© 2022 WSHU
NPR News & Classical Music
Play Live Radio
Next Up:
0:00
0:00
Available On Air Stations
Connecticut News

Bill on rehiring fired Connecticut cops divides lawmakers, police union

policebodycamera_apjohnbazemore_170803.jpg
John Bazemore
/
Associated Press

Public safety advocates and the state’s largest police union are at odds over a proposed bill to toughen an existing law preventing officers who were fired for malfeasance or serious misconduct, as well as those who quit or retire while under investigation, from being hired by another department.

The current law defines serious misconduct as improper or illegal action by an officer including fabricating evidence, repeated use of excessive force, accepting a bribe or being convicted of a felony.

The bill being considered in the Senate widens that definition to include discrimination, failing to stop the use of force by an officer that was later found to be unjustifiable, and intimidation or harassment.

In testimony last week before the Legislature's public safety committee, Department of Emergency Services and Public Protection Commissioner James Rovella said the department supports the bill.

Brian Anderson, legislative director for Council 4 AFSCME’s public safety chapter, which represents 2,000 police officers, said he was opposed to making the requirements even stricter, calling it “overkill," the Hartford Courant reported.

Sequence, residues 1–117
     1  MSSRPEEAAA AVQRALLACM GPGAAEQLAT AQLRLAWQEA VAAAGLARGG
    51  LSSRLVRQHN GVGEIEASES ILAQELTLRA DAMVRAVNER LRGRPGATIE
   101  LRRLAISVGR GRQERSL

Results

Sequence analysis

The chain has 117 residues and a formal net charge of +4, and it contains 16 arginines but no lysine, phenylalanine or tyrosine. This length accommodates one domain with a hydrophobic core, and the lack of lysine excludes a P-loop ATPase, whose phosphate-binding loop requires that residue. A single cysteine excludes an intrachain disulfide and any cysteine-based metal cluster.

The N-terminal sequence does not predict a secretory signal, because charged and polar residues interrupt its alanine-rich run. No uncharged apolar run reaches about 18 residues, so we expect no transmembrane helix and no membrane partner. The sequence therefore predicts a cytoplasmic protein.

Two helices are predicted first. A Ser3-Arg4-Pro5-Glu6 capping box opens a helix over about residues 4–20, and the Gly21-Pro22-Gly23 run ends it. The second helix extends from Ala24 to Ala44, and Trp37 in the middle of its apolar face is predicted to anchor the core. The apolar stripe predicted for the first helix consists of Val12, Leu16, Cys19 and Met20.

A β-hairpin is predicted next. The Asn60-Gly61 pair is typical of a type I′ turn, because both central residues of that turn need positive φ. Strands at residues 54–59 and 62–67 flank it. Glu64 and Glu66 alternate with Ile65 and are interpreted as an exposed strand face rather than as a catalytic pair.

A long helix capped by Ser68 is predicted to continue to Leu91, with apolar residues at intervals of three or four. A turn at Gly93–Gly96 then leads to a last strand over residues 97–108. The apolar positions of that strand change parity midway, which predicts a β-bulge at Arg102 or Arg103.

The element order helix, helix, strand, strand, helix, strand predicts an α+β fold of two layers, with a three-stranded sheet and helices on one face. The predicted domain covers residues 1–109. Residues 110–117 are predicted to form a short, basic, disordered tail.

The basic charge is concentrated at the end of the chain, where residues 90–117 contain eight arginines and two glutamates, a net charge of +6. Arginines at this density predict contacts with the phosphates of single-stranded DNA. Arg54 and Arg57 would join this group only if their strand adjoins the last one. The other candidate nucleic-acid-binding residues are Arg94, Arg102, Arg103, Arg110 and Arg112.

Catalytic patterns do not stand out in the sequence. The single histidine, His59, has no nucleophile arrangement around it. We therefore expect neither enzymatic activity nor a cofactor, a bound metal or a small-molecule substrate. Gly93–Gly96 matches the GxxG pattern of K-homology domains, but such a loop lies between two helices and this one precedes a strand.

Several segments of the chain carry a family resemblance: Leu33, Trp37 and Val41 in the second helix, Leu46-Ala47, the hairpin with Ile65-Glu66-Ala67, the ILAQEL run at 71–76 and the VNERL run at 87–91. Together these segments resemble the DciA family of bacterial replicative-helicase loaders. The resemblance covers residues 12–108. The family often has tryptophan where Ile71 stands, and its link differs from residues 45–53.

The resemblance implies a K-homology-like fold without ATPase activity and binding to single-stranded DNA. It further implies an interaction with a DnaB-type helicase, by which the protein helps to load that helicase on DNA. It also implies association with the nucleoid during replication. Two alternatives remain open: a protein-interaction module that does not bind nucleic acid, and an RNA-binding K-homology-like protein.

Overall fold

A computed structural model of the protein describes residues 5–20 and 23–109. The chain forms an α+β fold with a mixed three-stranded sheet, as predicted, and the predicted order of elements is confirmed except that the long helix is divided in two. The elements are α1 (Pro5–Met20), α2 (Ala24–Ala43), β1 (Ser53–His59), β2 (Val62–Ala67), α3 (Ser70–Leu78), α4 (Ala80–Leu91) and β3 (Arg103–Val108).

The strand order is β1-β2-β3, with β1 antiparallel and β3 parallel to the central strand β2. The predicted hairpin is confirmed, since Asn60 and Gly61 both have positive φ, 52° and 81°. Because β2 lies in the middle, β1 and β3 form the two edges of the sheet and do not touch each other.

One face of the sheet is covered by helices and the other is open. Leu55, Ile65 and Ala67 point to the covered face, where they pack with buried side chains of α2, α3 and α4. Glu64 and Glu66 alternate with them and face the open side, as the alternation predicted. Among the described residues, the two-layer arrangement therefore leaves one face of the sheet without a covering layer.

“It has been made easier to fire a police officer. It has been made extremely difficult for an officer who made a mistake, albeit serious, to rehabilitate him or herself,” Anderson said. “At what point is there overkill in monitoring, disciplining or calling into question the overall character of police officers?"

The bill also would give police officers a hearing to determine whether they were exonerated or if the conduct was considered malfeasance or serious misconduct. Malfeasance could be considered abuse of sick time, for example, while serious misconduct can encompass criminal behavior.

Rep. Greg Howard, a Republican who's also a Stonington police officer, said there currently isn't a way for officers fired for lesser offenses to appeal decertification.

State Victim Advocate Natasha M. Pierre told the committee said the proposed legislation would make sure an officer found guilty of serious misconduct or under investigation wouldn't be able to “simply go to the next town” and be hired again, the Courant reported.